TARGET STORES, the crown jewel of the Target Corporation, would appear to have everything: zippy ads,
fast-growing sales and exclusive merchandise that people rave about. But inside the headquarters tower
here, where Target's decisions are made, no one is about to relax.
With Kmart hobbled by bankruptcy, it is Target that now gets the attention of Wal-Mart Stores, the biggest
retailer in the land and the biggest company, too. Every successful step that Target takes -- signing
designers to make baby bottles and little black dresses, moving deeper into the grocery business,
persuading more and more upper-middle-class shoppers to become upper-middle-class bargain hunters --
brings it into closer confrontation with the $218 billion behemoth that is Wal-Mart.
At stake are the wallets of the growing number of consumers who shop discount stores by choice.
Shoppers go to Target for a selection that includes detergent and batteries, in the tradition of all discount
stores, but also for designs from Philippe Starck, Stephen Sprouse, Sonia Kashuk and Todd Oldham that
can be found only at Target. (Executives say good design should be democratized.) ''I like the idea of having
good design at affordable prices,'' said Sarah Ettenberg, a decorative-arts expert in Manhattan who shops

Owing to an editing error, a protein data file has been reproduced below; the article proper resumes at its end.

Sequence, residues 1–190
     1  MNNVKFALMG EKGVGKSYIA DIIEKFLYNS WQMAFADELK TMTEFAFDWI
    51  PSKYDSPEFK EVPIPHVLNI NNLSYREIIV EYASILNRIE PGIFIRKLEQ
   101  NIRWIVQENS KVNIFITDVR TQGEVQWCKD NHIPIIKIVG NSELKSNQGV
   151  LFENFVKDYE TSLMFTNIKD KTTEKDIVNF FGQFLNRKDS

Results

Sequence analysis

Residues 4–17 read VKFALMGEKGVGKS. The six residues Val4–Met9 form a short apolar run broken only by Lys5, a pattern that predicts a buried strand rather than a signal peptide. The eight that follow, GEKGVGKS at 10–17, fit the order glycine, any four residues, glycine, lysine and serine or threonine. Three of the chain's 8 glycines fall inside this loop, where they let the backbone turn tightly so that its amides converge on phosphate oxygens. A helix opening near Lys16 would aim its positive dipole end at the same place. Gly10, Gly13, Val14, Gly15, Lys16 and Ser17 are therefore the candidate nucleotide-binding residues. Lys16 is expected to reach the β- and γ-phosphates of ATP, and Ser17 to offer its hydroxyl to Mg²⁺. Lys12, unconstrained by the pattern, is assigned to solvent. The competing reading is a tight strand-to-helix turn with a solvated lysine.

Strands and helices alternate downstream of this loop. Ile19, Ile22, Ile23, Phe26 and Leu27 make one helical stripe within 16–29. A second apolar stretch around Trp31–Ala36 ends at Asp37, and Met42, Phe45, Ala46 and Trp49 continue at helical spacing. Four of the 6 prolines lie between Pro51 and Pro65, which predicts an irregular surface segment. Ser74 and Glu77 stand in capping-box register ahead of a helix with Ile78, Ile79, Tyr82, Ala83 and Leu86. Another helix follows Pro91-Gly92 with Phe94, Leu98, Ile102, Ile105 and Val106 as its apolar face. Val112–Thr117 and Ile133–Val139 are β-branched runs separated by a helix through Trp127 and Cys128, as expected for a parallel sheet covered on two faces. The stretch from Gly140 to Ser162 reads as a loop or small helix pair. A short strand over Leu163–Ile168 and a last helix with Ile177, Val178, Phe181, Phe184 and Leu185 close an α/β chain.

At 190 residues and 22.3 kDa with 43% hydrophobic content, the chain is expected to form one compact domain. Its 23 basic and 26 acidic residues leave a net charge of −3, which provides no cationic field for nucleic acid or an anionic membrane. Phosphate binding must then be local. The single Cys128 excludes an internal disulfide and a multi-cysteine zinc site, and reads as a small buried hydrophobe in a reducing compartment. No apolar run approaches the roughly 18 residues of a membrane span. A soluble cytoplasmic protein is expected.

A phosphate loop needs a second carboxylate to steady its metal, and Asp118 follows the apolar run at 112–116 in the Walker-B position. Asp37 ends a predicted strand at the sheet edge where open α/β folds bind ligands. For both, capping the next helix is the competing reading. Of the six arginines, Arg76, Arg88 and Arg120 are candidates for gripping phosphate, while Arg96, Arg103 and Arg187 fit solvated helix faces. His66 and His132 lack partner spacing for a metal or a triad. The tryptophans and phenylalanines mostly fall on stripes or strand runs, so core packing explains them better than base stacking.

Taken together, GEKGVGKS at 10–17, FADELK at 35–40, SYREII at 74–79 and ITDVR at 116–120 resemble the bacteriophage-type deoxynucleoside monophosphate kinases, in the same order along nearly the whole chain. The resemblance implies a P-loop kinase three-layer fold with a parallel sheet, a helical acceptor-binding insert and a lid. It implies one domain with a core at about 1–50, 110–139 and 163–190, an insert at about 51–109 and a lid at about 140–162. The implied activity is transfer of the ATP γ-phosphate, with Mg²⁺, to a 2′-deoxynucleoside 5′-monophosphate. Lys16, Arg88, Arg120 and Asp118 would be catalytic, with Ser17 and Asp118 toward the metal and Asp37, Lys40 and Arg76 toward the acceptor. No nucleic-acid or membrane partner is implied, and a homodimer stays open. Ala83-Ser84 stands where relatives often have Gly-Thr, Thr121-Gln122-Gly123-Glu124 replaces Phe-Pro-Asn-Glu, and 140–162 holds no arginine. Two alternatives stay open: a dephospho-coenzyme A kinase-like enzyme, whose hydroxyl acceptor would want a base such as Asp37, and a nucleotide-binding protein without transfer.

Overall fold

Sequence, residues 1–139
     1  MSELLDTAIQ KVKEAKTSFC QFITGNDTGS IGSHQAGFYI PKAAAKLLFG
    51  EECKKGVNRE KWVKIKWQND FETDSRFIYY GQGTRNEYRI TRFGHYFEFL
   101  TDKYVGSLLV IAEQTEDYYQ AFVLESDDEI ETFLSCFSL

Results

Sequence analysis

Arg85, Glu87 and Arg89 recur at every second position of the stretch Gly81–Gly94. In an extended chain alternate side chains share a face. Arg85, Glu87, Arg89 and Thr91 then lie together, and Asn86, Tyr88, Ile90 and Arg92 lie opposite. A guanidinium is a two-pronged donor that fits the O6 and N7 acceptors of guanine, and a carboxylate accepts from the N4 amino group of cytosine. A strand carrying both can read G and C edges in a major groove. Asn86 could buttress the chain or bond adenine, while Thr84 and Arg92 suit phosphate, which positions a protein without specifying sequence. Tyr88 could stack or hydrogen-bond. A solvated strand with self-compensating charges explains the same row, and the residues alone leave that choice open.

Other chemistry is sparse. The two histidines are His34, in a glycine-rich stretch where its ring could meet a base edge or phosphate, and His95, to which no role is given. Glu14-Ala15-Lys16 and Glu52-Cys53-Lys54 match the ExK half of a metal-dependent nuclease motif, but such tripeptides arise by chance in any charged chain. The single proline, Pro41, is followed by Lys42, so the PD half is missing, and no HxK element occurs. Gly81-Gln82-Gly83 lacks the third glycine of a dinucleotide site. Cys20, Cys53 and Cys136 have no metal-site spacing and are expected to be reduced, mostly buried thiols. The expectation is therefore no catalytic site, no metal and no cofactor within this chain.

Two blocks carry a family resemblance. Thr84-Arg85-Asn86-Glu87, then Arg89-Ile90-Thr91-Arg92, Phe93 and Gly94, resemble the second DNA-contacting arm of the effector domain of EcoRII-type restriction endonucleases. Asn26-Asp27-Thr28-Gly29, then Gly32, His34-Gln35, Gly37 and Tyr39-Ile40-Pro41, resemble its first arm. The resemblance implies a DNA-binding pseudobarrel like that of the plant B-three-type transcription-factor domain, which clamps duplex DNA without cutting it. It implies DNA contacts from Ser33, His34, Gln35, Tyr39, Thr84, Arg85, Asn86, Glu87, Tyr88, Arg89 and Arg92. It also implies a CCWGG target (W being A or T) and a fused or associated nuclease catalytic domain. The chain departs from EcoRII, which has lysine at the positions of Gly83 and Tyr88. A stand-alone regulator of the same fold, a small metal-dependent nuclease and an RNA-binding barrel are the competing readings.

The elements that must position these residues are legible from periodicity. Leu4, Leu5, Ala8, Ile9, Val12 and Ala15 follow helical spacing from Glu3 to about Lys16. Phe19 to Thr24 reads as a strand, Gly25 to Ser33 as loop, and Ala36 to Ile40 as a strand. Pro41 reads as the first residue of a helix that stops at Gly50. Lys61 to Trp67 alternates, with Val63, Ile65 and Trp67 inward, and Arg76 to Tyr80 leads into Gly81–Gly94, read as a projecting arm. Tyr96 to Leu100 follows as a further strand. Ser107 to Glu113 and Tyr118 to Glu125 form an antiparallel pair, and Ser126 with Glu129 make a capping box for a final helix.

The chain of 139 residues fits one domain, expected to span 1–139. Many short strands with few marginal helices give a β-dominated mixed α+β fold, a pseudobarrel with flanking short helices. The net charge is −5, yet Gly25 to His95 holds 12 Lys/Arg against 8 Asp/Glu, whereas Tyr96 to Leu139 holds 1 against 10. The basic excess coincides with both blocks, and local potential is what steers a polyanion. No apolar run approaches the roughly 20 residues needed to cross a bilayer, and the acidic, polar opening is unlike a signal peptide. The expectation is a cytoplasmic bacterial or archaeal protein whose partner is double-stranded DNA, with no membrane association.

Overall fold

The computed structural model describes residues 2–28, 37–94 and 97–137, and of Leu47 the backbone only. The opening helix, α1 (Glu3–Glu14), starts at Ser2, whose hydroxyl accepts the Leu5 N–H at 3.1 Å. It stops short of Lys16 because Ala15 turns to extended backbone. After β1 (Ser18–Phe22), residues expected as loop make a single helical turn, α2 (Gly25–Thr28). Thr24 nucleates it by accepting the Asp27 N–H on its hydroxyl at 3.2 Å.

for Michael Graves and Philippe Starck housewares but also pairs Target blouses with more expensive
slacks she buys elsewhere.
customers who live paycheck to paycheck ''will always be important to us, but we've realized the shifts that
have gone on in retailing, particularly this year. Customers at all income levels are interested in value.''
Target executives like to point out that the chain promotes contemporary fashion while it keeps prices low,
while Wal-Mart is known for low prices, and low prices only. But the two chains have much in common. Both
are building grocery stores by the dozen -- Wal-Mart calls them SuperCenters and Target calls them
SuperTargets -- to attract new customers. That means they will be competing more intensely in a category in
which margins are already razor-thin.
By expanding into the grocery business, Wal-Mart wants to increase the volume of shoppers coming into its
stores. But it also wants to increase the average purchase made by those shoppers, which also means
adding higher-ticket products to the mix of general merchandise.
Target says its strategy is to have its existing customers buy groceries, swelling their purchases and
bringing them into the stores more often. The company says it is not counting on luring customers from other
supermarkets. It also assumes that former Kmart customers will wind up at Wal-Mart rather than Target.
''You can't have Michael Graves oranges,'' he said, referring to the designer who has helped Target give its
housewares a distinctive style.
There is, however, a Fuji apple at SuperTarget that has been screened for sweetness, using infrared